Effects of combining electric stimulation with active ankle dorsiflexion while standing on a rocker board: a pilot study for subjects with spastic foot after stroke.

Research paper by Ju-Shao JS Cheng, Yea-Ru YR Yang, Shih-Jung SJ Cheng, Pei-Yi PY Lin, Ray-Yau RY Wang

Indexed on: 13 Apr '10Published on: 13 Apr '10Published in: Archives of Physical Medicine and Rehabilitation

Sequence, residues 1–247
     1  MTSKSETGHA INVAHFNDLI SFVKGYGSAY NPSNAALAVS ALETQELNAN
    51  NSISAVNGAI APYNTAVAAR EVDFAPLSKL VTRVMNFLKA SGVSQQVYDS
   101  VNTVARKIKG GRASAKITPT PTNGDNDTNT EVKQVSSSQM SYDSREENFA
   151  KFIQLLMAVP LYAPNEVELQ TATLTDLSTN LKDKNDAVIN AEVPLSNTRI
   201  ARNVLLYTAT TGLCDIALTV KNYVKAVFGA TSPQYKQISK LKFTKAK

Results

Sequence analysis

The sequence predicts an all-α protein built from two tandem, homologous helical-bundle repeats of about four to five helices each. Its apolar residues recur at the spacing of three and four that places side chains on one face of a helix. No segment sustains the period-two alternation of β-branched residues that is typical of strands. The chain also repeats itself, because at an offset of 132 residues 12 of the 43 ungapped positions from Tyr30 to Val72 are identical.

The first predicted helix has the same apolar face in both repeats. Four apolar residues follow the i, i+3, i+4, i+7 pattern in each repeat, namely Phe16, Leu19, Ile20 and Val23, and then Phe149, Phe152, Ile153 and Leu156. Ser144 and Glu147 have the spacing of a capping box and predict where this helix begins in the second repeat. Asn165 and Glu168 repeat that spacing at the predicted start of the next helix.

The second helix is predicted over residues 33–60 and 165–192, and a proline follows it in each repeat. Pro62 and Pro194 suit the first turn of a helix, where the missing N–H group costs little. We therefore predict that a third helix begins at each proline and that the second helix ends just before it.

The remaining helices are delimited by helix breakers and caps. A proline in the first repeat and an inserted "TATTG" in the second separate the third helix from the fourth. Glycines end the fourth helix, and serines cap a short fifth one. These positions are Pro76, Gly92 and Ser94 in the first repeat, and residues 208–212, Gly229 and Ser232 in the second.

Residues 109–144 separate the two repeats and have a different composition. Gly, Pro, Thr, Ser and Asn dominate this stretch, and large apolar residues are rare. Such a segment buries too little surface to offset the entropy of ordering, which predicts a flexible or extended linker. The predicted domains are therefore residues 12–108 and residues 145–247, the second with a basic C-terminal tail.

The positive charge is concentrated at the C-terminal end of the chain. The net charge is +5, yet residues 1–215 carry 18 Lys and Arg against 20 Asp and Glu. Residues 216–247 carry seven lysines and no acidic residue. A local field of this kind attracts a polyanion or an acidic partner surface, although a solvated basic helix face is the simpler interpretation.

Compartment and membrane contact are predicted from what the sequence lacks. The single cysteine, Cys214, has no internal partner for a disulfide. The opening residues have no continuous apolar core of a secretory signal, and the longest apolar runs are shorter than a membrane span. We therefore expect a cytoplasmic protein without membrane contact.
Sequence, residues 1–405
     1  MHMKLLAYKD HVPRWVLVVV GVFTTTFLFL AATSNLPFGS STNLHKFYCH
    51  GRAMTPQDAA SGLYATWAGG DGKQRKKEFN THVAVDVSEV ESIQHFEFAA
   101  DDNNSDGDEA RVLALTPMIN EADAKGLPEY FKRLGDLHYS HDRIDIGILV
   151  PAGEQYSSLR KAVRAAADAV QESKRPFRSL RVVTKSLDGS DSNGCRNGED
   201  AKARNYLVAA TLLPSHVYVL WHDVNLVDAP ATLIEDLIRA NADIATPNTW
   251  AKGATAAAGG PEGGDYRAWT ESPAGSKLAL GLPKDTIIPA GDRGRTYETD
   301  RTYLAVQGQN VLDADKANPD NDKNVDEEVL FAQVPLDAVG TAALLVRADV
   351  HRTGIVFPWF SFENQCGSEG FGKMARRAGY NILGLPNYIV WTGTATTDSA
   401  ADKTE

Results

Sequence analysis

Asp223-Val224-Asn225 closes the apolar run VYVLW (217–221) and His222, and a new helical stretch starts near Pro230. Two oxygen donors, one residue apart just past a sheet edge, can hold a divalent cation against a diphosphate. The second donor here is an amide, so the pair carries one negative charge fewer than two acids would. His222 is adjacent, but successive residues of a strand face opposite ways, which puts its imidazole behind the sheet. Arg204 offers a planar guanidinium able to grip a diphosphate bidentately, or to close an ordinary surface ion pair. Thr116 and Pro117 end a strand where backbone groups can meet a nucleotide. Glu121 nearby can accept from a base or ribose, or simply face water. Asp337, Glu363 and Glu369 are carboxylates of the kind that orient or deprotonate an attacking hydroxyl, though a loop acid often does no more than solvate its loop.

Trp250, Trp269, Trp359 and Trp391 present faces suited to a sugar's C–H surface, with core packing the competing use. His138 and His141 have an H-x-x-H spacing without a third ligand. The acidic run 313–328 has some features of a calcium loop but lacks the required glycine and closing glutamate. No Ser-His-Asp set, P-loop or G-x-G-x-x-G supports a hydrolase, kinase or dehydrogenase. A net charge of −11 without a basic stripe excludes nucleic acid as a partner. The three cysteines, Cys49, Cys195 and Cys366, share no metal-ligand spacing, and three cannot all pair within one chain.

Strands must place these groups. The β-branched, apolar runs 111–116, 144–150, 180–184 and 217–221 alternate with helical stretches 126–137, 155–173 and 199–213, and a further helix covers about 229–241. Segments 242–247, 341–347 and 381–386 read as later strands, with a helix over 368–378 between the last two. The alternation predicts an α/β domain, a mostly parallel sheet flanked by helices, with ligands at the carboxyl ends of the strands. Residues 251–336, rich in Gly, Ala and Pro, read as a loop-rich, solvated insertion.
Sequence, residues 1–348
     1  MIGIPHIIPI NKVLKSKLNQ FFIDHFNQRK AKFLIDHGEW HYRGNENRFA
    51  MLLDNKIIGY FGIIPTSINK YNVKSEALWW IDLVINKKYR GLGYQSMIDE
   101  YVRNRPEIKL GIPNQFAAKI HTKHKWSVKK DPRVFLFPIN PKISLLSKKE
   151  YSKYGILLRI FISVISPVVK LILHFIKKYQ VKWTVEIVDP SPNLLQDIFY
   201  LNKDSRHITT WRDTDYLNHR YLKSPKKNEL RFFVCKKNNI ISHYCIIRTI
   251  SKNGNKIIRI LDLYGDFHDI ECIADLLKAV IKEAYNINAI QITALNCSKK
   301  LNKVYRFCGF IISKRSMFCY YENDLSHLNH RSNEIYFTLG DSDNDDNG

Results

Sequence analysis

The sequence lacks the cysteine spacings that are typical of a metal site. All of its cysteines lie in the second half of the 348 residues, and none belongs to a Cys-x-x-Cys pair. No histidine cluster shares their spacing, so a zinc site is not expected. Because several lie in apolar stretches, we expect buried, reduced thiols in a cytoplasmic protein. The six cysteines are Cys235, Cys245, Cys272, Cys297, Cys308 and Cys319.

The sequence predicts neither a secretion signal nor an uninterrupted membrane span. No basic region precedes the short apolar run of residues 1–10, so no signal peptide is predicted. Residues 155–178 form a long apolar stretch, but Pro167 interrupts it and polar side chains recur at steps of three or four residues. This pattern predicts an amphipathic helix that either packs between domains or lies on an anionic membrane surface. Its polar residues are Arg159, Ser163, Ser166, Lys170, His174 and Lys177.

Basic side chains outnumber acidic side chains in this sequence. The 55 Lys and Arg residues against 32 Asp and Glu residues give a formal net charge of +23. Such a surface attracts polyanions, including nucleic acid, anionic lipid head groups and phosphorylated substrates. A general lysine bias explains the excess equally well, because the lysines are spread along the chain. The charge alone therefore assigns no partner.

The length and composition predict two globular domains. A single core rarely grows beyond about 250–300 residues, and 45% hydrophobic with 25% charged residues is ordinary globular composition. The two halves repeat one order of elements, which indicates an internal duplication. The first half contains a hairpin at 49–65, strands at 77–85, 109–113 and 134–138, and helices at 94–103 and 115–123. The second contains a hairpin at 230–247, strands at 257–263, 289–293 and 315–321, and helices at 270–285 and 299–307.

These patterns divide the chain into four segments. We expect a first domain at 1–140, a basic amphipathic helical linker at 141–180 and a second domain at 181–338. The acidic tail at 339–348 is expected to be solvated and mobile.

To investigate the therapeutic effects of combining electric stimulation (ES) with active ankle dorsiflexion while standing on a rocker board in subjects with plantarflexor spasticity after stroke.Randomized controlled trial.A rehabilitation medical center.Subjects (N=15) with spastic foot after stroke.Subjects were randomly assigned to an experimental or a control group. The experimental group received ES of ankle dorsiflexors in concert with a motor training paradigm that required the subject to dorsiflex the ankles in response to a cue while standing on a rocker board. After 30 minutes of this exercise, subjects received ambulation training focusing on ankle control for 15 minutes. The control group received general range of motion and strength exercises for 30 minutes, followed by 15 minutes of ambulation training focusing on ankle control. Sessions occurred 3 times a week for 4 weeks.Dynamic spasticity of plantarflexors, dorsiflexor muscle strength, balance performance, gait kinematics, and functional gait performance as assessed by the Emory Functional Ambulation Profile (EFAP) were used as outcome measurements.The experimental group demonstrated a greater decrease in dynamic ankle spasticity at a comfortable gait speed (P=.049), a greater improvement in spatial gait symmetry (P=.015), and a greater improvement in functional gait ability as indicated by the EFAP (P=.015) than the control group.Our results suggest that repeated ES with volitional ankle movements can decrease dynamic ankle spasticity in subjects with stroke. Furthermore, such improvement parallels better gait symmetry and functional gait performance.